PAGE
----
In Progress
Lesson 1, Topic 33
In Progress

Coincidence of Wants Problem

The natural human inclination to trade goods to improve one’s life runs into a problem: lack of coincidence of wants.

Beyond the scale of a small tribe exchanging very small number of primitive goods, impossible to have direct exchange. Nothing larger than a small tribe with very few goods can ever have an economy built on barter.

Humans search for solutions to these problems, and the most obvious solution is to buy something else and exchange it for the thing you want. Indirect exchange.

Humans will look for things to buy in order to exchange for the things that they want.

Some economic goods are more suitable than others. The more suitable a good is to being exchanged, the more marketable or saleable it is.

What makes for a good medium of exchange is what makes for a good solution for the coincidence of wants problem.

Lack of coincidence of wants across:Solution:
Goods:Not the same good.One
Time:I want to sell something today but I want to buy something in the future.Durable
Scale:I want to sell something large and only buy something small.Homogenous, Divisible, and groupable
Space:I want to sell something in one location and buy something elsewhere.Transportable

“Tending to increase the marketability of a commodity are its demand for use by more people, its divisibility into small units without loss of value, its durability, and its transportability over large distances.”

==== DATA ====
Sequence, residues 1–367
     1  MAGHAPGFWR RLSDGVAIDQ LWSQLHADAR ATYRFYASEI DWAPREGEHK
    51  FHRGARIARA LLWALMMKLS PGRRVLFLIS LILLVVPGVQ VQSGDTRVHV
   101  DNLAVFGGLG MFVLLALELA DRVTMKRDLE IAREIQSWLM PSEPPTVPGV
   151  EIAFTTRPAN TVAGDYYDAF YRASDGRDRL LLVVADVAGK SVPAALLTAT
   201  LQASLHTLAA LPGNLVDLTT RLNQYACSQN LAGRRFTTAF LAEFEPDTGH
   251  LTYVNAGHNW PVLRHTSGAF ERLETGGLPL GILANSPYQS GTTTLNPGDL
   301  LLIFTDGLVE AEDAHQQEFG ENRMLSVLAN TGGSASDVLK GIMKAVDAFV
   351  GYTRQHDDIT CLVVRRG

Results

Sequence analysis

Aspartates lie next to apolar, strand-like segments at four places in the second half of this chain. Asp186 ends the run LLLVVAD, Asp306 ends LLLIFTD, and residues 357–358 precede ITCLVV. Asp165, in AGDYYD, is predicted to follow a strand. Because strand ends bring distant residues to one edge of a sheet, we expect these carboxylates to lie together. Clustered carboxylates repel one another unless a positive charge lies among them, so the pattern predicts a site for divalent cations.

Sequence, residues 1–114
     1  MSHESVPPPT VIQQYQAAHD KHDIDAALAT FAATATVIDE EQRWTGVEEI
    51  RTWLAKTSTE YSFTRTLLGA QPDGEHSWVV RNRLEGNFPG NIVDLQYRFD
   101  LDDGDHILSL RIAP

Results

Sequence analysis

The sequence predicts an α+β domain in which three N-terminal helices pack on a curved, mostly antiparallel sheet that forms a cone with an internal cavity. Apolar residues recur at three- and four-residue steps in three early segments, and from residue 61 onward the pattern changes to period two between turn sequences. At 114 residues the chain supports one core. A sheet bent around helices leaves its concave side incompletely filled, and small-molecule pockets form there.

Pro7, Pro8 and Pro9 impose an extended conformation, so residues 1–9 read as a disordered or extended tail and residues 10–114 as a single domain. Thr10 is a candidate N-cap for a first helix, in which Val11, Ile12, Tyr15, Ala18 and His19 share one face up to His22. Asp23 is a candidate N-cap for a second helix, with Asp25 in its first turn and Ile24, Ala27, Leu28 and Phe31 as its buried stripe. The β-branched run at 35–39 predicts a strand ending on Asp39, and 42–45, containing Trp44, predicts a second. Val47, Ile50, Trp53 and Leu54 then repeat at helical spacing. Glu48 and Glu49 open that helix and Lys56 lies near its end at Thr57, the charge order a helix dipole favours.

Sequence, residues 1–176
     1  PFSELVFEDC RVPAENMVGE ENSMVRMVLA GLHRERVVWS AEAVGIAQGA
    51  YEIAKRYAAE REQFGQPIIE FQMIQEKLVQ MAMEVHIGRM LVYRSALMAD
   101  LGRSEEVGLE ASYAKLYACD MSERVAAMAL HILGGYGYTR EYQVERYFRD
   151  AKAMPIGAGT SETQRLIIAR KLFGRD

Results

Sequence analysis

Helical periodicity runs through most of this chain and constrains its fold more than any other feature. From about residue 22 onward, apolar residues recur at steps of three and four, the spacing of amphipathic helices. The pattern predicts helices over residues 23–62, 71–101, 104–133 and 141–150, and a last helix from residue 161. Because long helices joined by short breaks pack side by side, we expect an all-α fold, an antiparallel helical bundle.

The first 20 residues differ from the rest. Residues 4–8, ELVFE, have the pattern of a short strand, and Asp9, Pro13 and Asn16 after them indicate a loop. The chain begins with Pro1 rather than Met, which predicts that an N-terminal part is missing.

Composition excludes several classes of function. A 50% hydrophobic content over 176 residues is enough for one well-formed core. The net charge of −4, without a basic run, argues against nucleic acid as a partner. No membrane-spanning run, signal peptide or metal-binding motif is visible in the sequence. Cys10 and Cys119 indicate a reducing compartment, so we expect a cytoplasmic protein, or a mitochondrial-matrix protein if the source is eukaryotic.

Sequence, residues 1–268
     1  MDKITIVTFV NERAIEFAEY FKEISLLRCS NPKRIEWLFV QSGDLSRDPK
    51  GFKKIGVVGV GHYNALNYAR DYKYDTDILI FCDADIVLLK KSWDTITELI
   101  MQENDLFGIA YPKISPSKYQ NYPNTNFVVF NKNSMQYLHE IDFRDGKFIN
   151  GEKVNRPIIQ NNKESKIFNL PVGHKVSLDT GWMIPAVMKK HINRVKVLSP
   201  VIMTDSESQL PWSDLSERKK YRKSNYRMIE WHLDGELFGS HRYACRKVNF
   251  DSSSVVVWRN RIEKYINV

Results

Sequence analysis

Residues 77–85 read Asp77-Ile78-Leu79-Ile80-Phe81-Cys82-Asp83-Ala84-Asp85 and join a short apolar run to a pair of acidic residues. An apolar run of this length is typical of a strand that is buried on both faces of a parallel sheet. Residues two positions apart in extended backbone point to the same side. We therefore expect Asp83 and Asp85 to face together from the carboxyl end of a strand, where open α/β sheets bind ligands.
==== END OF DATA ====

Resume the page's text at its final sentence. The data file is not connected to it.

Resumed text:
Carl Menger

Choices will quickly focus on the few most marketable commodities available.

Demand for goods as medium of exchange on top of use demand increases their marketability. Also increases its price.

As the more marketable commodities in any society begin to be picked by individuals as media of exchange, their choices will quickly focus on the few most marketable commodities available.

“A commodity that comes into general use as a medium of exchange is defined as being a money. It is evident that, whereas the concept of a “medium of exchange” is a precise one, and indirect exchange can be distinctly separated from direct exchange, the concept of “money” is a less precise one.”

Murray Rothbard

“Money is not an invention of the state. It is not the product of a legislative act. Even the sanction of political authority is not necessary for its existence. Certain commodities came to be money quite naturally, as the result of economic relationships that were independent of the power of the state.”

Carl Menger

Money existed long before governments. Governments did not make gold money. Governments had to use gold in their coins in order to get their coins accepted for trade.